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How’s that New Year’s writing resolution going?

As that New-Year vigor starts to lose momentum, how's that writing resolution of yours going?

One-twelfth of 2018 has come and gone, and as February rolls on, there’s a bit more elbow room in my yoga classes, my personal trainer’s schedule has opened up, and all over the world, stick-to-it planners are starting to collect a little dust. As that New-Year vigor begins to lose momentum, how’s that writing resolution of yours going?

I’ve just had a chat with Raphael, a would-be writer friend of mine. “How,” he asked, “can I finally overcome those (unnamable and unfathomable) barriers that have stopped me from seriously investing time into writing something meaningful?” It’s a dream that has whispered patiently from the back of his mind for years, but creating a writing habit that endures has eluded him.

For those of us who want our writing habits to be so much more than a well-intended push that’s bound to sputter and die away, how do we finally make good on those aspirations to write, to keep writing, and to finish something?

How to Make Good on Your New Year’s Writing Resolution

Developing any new habit is a challenge, but this can be particularly true for writing, which is so often pushed aside as less-than-a-priority on busy days. Here are some ideas for keeping this New Year’s promise to yourself and your future readers.

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Make it Easy on Yourself

In Lieberum’s ridiculously straightforward manual for finally bridging the gap between ambition and action, he addresses the strain on willpower in these earliest stages of habit formation. His advice is to make it easy on yourself.

What that means when developing a writing habit depends on when in your day you aspire to write, which tools you need, and what usually gets in the way. I like a first-thing-in-the-morning session before starting my workday. I must, therefore, make sitting down to write with my first cup of coffee the easiest thing I could do in the morning. Sounds simple enough, right? Well, let’s take a look at what usually gets in my way:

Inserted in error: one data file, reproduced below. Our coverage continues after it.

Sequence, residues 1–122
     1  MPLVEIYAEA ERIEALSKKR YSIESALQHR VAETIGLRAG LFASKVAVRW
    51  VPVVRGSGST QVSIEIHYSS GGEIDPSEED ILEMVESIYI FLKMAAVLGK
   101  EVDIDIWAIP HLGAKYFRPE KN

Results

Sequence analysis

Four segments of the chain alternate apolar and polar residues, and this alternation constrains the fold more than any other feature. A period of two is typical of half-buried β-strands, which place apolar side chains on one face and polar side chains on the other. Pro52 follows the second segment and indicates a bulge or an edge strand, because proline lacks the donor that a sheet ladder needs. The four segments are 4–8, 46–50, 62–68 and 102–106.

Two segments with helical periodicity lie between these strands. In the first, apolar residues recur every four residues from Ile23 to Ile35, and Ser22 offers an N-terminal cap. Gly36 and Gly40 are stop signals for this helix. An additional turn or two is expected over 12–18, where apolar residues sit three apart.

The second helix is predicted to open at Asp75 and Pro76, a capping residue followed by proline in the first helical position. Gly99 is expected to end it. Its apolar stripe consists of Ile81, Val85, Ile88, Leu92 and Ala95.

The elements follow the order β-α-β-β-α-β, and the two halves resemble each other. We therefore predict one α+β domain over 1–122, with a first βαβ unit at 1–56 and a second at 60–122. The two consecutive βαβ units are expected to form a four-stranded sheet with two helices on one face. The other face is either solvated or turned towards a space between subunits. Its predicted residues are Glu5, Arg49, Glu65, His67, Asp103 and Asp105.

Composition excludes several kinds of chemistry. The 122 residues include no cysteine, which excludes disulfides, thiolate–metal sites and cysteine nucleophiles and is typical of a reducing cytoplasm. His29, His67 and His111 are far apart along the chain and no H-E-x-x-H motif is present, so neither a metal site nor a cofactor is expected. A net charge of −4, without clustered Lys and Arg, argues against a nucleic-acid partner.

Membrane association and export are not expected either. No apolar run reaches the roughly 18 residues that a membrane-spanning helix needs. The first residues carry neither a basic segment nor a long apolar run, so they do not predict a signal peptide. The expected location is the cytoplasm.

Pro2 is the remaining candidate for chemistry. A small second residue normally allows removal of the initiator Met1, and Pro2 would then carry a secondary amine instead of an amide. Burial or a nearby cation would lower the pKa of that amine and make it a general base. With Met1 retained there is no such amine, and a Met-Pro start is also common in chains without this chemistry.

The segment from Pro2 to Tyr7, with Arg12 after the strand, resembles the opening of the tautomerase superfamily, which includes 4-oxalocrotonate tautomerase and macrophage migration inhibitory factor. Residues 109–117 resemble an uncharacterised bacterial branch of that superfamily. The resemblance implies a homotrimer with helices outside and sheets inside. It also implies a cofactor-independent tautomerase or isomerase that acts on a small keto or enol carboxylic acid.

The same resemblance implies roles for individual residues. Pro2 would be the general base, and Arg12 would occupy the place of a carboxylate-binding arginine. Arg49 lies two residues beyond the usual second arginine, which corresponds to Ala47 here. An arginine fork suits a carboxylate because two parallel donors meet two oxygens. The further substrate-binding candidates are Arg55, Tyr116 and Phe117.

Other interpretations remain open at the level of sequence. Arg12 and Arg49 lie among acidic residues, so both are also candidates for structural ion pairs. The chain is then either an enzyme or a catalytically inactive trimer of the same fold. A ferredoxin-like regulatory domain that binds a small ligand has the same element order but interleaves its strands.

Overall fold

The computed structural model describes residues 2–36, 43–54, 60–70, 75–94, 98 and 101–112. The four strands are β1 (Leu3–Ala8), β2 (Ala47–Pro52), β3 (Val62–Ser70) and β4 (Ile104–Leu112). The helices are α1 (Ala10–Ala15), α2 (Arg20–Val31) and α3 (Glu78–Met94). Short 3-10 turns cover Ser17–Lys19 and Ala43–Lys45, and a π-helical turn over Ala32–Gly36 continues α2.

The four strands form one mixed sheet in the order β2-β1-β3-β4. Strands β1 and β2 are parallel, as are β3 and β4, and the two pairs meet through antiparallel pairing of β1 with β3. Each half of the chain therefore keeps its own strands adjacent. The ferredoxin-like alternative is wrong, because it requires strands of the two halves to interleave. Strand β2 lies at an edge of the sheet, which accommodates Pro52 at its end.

If I wake up with time to write, I tend to go straight to the kitchen and wake up the Nespresso machine. While I’m waiting for it to warm up and then to brew, I start tidying up the kitchen or the living room. Before I know it, I’ve finished my coffee and my house is neater, but I’ve got no writing done and it’s time to get focused on work. Other days, I spot whatever book I’m reading and think, I’ll just read a chapter and then get to writing. Or, worst of all, I make my coffee, forgo the housework, resist my book, and get onto my laptop, but then I get lost in my inbox or on social media.

The solution? Well, at night, after Paul and I finish dinner, we tidy everything up before heading to bed. Then, after a little pre-sleep reading, I tuck my book away into my nightstand drawer—I won’t even see it in the morning. And for the final bit, which is admittedly less than ideal for me, I have to write on paper to avoid the internet and its countless distractions altogether. I pack away my laptop at night and make sure that my notebook and my favorite pens and pencils are sitting exactly where I like to have my morning coffee.

Get Held Accountable